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A Split-A Natlang!

 
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eldin raigmore
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PostPosted: Wed May 23, 2012 10:51 pm    Post subject: A Split-A Natlang! Reply with quote

I just got an e-mail from a fieldworker.
She (?) is documenting an unrecorded language.
She is pretty sure it has the "Split-A"* type of ditransitive-to-monotransitive alignment.

Very Happy Surprised Cool Exclamation

*That means that some monotransitive clauses treat their Actor like a ditransitive clause's Donor, and some treat their A like a ditransitive clause's Recipient.
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Kiri



Joined: 13 Jun 2009
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Location: Latvia/Italy

PostPosted: Mon May 28, 2012 2:20 pm    Post subject: Reply with quote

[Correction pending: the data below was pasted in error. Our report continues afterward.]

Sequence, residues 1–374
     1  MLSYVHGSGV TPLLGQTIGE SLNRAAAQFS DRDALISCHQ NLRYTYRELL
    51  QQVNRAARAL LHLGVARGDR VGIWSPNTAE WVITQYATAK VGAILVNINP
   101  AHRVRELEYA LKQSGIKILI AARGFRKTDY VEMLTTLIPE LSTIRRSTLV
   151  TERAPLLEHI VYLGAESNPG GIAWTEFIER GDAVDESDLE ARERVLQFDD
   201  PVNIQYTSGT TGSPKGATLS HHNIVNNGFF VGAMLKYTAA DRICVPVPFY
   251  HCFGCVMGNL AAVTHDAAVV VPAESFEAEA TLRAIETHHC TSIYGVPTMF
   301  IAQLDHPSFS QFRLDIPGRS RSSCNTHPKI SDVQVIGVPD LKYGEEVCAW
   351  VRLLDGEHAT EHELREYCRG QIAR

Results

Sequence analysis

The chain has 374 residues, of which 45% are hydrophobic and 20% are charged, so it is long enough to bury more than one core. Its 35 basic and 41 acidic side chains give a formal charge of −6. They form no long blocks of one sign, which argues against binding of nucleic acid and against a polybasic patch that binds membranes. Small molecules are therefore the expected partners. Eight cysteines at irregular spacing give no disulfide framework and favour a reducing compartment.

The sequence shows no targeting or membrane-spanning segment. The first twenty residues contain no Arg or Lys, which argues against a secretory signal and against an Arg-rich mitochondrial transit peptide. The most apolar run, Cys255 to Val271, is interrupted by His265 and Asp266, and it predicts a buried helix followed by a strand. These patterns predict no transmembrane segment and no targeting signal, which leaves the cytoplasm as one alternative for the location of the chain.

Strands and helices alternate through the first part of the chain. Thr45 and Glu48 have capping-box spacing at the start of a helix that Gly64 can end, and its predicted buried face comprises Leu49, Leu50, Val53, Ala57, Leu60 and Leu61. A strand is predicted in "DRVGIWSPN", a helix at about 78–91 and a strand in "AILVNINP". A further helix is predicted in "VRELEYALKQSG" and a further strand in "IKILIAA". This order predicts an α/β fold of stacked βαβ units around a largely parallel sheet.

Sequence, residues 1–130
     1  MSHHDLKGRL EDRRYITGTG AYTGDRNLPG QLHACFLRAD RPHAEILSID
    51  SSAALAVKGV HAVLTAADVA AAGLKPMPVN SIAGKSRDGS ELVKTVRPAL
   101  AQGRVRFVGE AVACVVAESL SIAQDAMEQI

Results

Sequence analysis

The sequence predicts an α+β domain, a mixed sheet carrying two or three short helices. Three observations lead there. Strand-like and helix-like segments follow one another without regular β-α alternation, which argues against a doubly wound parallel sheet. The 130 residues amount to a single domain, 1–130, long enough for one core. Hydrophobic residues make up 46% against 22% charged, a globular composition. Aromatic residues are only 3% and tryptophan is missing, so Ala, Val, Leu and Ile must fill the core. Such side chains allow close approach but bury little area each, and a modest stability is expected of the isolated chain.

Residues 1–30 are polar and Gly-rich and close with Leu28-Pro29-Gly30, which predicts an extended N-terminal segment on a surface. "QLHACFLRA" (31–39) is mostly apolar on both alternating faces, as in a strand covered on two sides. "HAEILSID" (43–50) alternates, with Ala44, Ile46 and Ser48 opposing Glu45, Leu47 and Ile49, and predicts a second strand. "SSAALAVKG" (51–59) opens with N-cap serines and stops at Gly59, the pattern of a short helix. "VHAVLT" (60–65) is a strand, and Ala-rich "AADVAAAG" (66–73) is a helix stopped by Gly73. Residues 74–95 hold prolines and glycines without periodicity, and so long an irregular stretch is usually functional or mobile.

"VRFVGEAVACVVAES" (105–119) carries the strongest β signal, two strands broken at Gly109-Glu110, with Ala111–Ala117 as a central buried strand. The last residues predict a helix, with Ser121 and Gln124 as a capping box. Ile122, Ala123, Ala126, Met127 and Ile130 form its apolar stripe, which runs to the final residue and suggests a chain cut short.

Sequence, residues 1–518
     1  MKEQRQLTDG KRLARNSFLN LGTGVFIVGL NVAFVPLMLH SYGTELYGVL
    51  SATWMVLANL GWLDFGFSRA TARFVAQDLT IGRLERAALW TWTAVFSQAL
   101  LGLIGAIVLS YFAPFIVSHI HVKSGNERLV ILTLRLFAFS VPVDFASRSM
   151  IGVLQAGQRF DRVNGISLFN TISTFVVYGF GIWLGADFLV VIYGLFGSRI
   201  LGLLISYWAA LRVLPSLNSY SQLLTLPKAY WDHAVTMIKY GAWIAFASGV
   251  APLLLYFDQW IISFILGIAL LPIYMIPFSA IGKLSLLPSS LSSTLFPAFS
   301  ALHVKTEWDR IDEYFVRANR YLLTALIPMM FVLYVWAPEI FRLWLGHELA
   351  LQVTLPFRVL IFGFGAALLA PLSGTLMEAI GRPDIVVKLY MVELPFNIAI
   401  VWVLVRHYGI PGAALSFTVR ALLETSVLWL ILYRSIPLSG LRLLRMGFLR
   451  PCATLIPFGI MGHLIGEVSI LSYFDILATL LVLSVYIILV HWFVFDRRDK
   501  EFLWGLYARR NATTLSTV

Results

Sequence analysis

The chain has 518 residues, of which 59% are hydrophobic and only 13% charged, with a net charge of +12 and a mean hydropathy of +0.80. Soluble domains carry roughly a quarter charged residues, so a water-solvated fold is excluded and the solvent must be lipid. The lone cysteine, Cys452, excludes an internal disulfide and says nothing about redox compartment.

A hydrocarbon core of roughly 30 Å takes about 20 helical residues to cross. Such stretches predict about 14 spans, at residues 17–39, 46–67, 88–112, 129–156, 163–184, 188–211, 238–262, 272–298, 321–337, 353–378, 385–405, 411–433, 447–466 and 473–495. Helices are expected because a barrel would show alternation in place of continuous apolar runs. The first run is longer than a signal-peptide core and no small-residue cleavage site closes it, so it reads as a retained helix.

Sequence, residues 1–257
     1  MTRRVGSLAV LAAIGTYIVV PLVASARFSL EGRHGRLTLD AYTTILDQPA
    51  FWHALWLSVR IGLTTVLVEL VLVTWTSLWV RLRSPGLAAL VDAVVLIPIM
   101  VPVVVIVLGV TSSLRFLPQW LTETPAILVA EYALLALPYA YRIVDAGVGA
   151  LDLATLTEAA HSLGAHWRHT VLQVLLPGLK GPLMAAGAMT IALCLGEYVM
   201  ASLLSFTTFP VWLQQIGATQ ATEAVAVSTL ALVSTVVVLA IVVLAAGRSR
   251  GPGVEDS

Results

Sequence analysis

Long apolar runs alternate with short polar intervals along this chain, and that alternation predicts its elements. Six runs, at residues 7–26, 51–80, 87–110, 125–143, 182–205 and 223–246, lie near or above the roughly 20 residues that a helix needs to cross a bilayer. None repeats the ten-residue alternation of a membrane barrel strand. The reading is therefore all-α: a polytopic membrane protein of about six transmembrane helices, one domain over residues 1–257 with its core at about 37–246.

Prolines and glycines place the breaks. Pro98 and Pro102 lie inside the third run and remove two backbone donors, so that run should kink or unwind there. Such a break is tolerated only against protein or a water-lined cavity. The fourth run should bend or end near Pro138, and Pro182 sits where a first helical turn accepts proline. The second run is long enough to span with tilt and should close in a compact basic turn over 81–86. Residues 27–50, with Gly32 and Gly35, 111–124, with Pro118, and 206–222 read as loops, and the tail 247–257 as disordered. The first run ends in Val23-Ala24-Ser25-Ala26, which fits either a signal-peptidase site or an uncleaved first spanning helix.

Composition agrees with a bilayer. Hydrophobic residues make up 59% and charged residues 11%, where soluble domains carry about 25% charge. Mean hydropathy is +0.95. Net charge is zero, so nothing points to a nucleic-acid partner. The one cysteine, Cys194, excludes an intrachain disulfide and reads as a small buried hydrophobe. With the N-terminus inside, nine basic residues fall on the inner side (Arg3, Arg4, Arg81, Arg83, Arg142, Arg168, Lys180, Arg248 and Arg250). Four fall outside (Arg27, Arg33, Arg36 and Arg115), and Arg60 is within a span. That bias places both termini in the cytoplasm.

Can you please elaborate on what a Split-A is? (what a Donor is in this sense?)
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eldin raigmore
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PostPosted: Thu May 31, 2012 11:24 pm    Post subject: Reply with quote

Kiri wrote:
Can you please elaborate on what a Split-A is? (what a Donor is in this sense?)


Prototypical ditransitive verbs are "give" and "show" and "tell".

The participant I'm calling "Donor" is the donor in "give", the exhibitor in "show", and the narrator in "tell".

The Theme, the entity located or moved, or which changes hands, is the gift in "give", the exhibit in "show", and the tale in "tell".

The "Recipient", the entity conscious of being affected, is the recipient in "give", the viewer or witness or experiencer in "show", and the audience or experiencer in "tell".

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One of the participants will control, perform, instigate, or effect the action denoted by the verb. It will be the animate source. That's the one I'm calling "D"onor. It will often be the most controlling participant; thus it may qualify as the Agent.